We have grown up on stories narrated to us by our grandparents, parents and other elders in the family.
They were the good old days when we would lie beside our aajis and azoba, daadis or naanis, as they took us on fantasy journeys with their tales — the wit of Birbal, the righteousness of the Pandavas, the stories of Vikram and Betaal et al. Those were the stories that helped us learn some important lessons of our lives. They taught us about the good and bad and also had a hand in making us the people we are as grown ups. However, now, with technology invading our lives like never before, nuclear families and working parents overpowering the social set up, the art of story-telling has become rare. Here are some of the advantages of storytelling…
Introduces new vocabulary to children: A big advantage of storytelling is that listening to stories enhances a child’s vocabulary, feel some parents. Namrata Popat, mother of a six-year-old, says, “My son is very fond of listening to stories and so, whenever I have time, I read out stories to him. The fact that he is curious about some words and wants to know the meanings of the ones he cannot understand, makes me feel good. I know he is learning new words and always find it easy to explain their meanings if it is in the context of a story being narrated.” Since the child relates to the words better, they are retained in his memory for long.
Enhances listening skills of children: Studies have proved that infancy is the period when children absorb most of the words that they later use in their lives. So, telling stories even to infants should be an important part of a parent’s schedule. When they grow up, storytelling encourages and enhances the listening skills of children. Usually, children like to talk more rather than listen and this behaviour is evident especially in classrooms — they are not usually good listeners. But when a habit of listening to stories is inculcated in them, they learn to become better listeners. It provides them the necessary training to listen and understand more, instead of talking.
Stories on laptop vs stories narrated by elders: The art of story telling has suffered a hit after the visual effect provided by technology has found takers. It has, to a certain extent, become a bane for the art of story-telling. Deepa K, an education consultant, says, “Storytelling is an interactive activity but on digital mediums it becomes a one-way thing where someone is telling you what to think and showing you an image that they think is appropriate. Thanks to this, your brain becomes a dumping ground because you stop using your imagination and your thinking powers by relying only on what is being spoon-fed to you.” She states that digital story telling is less humane. Talking about how the art of story telling has changed over the years, Deepa explains, “Many parents feel that showing stories on the Internet is as good as narrating them, but storytelling is about interacting with another human being and using one’s imagination to visualise.”
It is about being in touch with cultural roots: For Nalini Patil, a full-time mother of two kids, storytelling is about being in touch with one’s cultural roots. “My children go to English-medium schools but thanks to my regular storytelling, they know traditional Marathi tales as well. I feel this not only makes them aware of their rich cultural heritage, but also develops in them a love for learning our history. They have also become well-versed in their mother-tongue. Of course, for kids to be interested in listening to tales, the stories also need to evolve with time. “Stories shouldn’t be just about morals; they need to be thought provoking,” she adds.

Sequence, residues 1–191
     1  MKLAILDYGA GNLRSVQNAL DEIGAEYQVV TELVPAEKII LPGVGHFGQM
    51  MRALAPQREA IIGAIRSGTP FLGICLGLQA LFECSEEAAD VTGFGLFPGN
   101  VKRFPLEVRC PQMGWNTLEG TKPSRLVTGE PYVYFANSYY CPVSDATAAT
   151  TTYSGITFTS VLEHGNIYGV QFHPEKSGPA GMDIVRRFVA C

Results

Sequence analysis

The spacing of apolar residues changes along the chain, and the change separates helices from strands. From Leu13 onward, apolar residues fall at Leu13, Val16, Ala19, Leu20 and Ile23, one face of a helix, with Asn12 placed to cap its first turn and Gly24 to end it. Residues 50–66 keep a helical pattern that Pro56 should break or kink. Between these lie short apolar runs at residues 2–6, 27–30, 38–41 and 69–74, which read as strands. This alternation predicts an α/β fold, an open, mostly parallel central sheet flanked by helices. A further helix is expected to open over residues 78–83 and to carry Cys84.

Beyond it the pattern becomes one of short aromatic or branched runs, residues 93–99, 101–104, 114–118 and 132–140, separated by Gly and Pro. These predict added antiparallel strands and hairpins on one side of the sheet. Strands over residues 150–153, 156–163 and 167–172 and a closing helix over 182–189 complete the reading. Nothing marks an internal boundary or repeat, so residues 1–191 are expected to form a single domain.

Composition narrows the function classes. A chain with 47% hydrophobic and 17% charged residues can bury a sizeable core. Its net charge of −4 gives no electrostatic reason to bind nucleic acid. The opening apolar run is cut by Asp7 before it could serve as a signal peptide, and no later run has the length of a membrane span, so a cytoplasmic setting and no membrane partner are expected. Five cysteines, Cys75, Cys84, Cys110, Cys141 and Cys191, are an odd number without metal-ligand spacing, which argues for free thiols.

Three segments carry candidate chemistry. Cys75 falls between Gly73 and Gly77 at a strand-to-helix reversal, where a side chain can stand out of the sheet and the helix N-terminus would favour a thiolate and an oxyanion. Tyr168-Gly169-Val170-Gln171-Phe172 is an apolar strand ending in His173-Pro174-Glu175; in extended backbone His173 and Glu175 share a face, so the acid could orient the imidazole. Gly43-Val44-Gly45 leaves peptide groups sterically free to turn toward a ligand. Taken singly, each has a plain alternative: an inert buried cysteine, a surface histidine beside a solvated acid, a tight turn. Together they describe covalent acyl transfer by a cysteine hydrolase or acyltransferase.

Storytelling is a great activity of learning: Storytelling is very interactive. As a story progresses and develops, children ask questions. This is a great learning activity. Storytellers should use ways to make a child curious and encourage them to ask questions because this makes the child think. They learn to associate images in the book with the story and this develops their visualisation capacity and imagination. “A child’s memory capacity is enhanced when he/ she is asked to remember something from a story. I ask my five-year-old questions from stories I have told earlier. It is like a game to her, rather than a test,” states Niranjan Jha, a human resource personnel from Vasant Vihar. Experts who work with children say that parents should encourage children to sometimes create a small story with the characters they have been told about. This encourages imagination and makes the child more interested in the stories being told.
Storytelling can encourage development of emotions and feelings in a child: The media-soaked environment of today is what greets children as soon as they come into the world. Numerous TV channels, internet, mobile phones — all vie for their attention and the kids often get hooked. These fast-paced visual media block their mental development. Sunanda Shinde, mother to a school-going child says, “I have seen that telling stories makes children more involved than watching TV. Emotions are real when a child is listening to stories because his thinking capacity is enhanced. The interactive session encourages his imagination.”